Assets > 1 and a half liabilities. Nice to know the outhouse isn’t overflowing.
Debt to equity ratio under 1. Debt can kill a business just as fast as it can kill a grad student.
FCF to debt > 10%. Good to see that they can manage the debt they do have.
If a business passes these tests, man they are worth a closer look to see what sort of price you’d like to pay for em.
I’ll show you how I try to find that intrinsic value in post 2.
November 24, 2010 § Leave a comment
First off, don’t worry folks, I wont be always using a baseball metaphor for every post. That would be neither fun for you or…uh..doable for me. Besides, I’m much more of a hockey guy myself, but hockey doesn’t lend ample metaphors for investing. I mean, you could maybe do something with defensive +/- stats and stock volatility, but that’s way less sexy. And it would probably be a horrible idea for a blog name.
Anyway. They wont all be sports analogies.
But for this post, it is. The famous baseball-investment analogy is that the market is like a pitcher pitching you prices–some are good, some are laughable bad while others are there–right there, floating down the alley with a big “swing batta” sign on them. And you know that good feeling you get in your soul when you connect right in the sweet spot. Well, if you get the right pitch you’ll be fist-pumping around the bases Joe Carter style (touch em all Joe!) in no time. And the investing lesson we are to learn is to wait patiently for your pitch. And the bonus is, you don’t strike out by waiting. (And if this baseball analogy is something you enjoyed, you can read more about why we are called Batting 450 here)
But this raises the obvious question: what is a good pitch?
Well, in baseball different hitters have different spots. Some like down-and-away, others like up-and-in but no one can hit it out of the park, anywhere, all the time. So the thing you need to learn about yourself as an investor is where your swing is and what pitches you are looking for. Where are you comfortable? What do you know? What part of the plate gives you the best percentage chance at connecting and putting runs on the board?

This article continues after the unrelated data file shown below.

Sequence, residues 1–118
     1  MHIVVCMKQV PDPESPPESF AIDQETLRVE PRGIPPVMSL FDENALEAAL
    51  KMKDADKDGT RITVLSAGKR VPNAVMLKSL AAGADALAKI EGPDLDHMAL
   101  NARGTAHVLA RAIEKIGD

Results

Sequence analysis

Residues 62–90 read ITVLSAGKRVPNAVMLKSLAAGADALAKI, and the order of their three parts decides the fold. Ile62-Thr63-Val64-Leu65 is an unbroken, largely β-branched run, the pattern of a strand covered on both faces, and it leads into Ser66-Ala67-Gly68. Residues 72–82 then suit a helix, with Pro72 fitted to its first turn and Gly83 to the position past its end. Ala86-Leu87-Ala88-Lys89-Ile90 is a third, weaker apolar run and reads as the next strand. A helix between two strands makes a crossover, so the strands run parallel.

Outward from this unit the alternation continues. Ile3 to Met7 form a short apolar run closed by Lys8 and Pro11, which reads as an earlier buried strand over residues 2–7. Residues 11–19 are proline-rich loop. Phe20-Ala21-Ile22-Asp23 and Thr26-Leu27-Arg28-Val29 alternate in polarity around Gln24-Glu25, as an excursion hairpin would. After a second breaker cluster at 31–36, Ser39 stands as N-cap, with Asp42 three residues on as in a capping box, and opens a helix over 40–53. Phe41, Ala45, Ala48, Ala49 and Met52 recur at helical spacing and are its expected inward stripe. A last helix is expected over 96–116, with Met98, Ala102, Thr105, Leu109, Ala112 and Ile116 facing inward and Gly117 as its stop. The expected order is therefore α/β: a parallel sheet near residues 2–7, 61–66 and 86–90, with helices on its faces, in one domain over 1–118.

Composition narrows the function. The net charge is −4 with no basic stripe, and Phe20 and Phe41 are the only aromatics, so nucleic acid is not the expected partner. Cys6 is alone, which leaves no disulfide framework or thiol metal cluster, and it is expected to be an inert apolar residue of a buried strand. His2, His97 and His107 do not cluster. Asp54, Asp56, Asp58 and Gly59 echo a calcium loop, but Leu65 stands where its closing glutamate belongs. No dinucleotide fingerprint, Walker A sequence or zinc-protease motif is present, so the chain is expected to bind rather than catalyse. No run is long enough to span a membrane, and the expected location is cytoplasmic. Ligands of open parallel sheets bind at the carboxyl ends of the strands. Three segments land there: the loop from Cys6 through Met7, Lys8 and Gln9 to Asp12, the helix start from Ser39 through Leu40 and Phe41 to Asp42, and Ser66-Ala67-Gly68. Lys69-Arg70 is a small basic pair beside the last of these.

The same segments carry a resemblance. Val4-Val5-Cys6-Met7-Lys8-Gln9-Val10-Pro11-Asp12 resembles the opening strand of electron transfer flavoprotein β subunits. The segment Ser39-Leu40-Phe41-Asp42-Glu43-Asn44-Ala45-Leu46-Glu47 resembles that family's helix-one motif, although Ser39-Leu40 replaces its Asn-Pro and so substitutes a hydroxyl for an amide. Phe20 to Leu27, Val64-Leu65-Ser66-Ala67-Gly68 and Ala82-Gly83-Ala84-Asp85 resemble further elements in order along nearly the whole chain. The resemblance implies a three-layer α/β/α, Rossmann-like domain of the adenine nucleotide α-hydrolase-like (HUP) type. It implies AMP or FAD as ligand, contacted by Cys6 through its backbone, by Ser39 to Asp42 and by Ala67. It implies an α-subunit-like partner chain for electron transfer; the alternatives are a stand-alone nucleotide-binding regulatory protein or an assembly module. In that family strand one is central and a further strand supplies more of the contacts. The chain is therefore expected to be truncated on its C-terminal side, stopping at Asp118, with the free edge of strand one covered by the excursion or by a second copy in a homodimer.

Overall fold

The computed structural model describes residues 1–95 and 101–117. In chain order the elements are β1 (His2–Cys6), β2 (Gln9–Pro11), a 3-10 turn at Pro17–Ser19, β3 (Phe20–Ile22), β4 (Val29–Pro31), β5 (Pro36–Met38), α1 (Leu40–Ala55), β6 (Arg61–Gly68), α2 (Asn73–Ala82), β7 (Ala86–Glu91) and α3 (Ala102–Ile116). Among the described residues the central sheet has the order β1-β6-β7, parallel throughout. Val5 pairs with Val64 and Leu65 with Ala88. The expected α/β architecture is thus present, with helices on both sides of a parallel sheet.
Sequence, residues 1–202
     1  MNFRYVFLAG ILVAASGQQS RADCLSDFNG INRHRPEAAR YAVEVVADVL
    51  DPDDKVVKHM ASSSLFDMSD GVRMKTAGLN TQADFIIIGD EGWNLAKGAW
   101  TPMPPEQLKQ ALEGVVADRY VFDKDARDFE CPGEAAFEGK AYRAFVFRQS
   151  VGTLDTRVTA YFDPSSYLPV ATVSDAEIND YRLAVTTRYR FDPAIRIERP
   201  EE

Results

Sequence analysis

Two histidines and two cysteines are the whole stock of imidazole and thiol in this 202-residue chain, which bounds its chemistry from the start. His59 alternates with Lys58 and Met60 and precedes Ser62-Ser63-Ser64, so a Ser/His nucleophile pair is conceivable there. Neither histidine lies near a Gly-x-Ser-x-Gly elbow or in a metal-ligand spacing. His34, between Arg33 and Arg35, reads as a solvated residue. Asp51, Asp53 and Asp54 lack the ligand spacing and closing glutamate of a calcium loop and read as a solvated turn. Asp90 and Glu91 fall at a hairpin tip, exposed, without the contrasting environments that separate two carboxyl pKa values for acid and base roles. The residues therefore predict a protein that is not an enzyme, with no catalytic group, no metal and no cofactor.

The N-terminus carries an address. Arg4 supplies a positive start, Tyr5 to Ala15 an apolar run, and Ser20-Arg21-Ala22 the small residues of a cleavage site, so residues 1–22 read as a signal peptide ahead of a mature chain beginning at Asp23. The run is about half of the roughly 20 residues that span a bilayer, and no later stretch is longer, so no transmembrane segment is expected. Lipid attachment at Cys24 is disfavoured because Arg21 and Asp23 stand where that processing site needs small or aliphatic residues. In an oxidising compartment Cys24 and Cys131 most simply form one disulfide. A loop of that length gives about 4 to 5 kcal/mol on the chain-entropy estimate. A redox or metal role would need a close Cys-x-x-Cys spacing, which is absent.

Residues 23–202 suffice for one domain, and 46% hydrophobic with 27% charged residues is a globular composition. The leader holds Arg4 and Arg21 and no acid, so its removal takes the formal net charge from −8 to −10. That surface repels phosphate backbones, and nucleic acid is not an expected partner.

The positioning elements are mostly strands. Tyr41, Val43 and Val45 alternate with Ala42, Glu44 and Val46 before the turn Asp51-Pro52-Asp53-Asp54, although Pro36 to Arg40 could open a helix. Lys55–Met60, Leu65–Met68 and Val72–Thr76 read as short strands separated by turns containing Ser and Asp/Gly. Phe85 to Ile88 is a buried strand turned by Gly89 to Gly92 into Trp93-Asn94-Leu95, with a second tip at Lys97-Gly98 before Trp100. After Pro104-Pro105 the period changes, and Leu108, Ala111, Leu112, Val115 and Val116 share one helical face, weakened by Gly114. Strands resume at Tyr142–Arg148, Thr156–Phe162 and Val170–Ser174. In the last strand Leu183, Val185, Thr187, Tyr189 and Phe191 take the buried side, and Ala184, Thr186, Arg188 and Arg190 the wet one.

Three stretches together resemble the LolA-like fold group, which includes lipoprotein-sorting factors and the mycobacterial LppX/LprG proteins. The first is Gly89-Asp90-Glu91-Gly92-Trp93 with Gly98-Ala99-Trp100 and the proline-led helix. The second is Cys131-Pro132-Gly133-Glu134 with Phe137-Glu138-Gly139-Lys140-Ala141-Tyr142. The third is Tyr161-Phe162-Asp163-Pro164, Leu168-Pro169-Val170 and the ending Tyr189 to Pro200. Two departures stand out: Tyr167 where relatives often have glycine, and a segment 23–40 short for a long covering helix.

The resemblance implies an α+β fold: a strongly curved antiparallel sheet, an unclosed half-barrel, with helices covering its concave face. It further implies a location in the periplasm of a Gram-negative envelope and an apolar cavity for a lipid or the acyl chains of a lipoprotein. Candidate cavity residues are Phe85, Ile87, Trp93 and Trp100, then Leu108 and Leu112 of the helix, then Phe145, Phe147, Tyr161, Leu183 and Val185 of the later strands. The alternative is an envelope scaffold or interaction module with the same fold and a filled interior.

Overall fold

For myself, I tend to look for pitches that (roughly) meet three criteria.
1. Solid companies with a history of returning equity to their investors. I know. It sounds lame to say “I like to invest in good companies who make money” but its true. Don’t overlook the simple. Therefore I usually look for 5-10 years of +13% in ROE (Return on Equity)
2. Mispriced. For some reason or another the market has either read doom and gloom for a particular business, or they have ignored some good things, or the market as a whole has tanked, bringing this great company to a price that looks like a bargain. This is perhaps the biggest factor. If you can judge whether a company is worth the price being quoted, well my friend, you are gonna mash some taters.
This can sometimes be easier to do, especially if there is some super crazy crisis that is driving the stock price down. I mean, when BP went to $26 a share, it was a pretty attractive buy. Except for the whole disaster thing. And if you bought some then while everyone else was dumping shares, well you’d have made about 50% return right now. I didn’t swing, and I learned my lesson. (Lesson: follow your rules and don’t let emotion or opinions of others get in your head. Trust your swing.)
But not every company is going to go through some major crisis, so it’s not always going to be glaringly obvious. But discrepancies will happen. Look for em.
3. Dividend. Call me crazy, but I like being paid for taking a risk. There are plenty of studies out there that show that dividend stocks fare better than non paying stocks, but that doesn’t mean it will always be that way. But if I’ve bought it at a great sale price the dividend is icing on the cake. If I misjudged the sale and the price doesn’t rise that much (or, er…at all) then the dividend is a great hedge against my own innate ability to be oh so wrong. And I love hedging against that. You should too.
But if you are in this market, thinking about being in this market, or are a brand new investor baby like me, you need to sit down and think to yourself what your sweet pitches are. Write em down. Study others. Learn. Read. Heck, that’s what this blog is all about: me trying to learn my swing by writing it out, learning from you and getting it out of my head and onto paper (pixels?) so that I can grow and be better.
Disclosure: I don’t own BP. I mean, they did have to sell a bunch of money making stuff to pay for the whole spill thing. Oh, and also I don’t have any money. Like I said: new investor baby.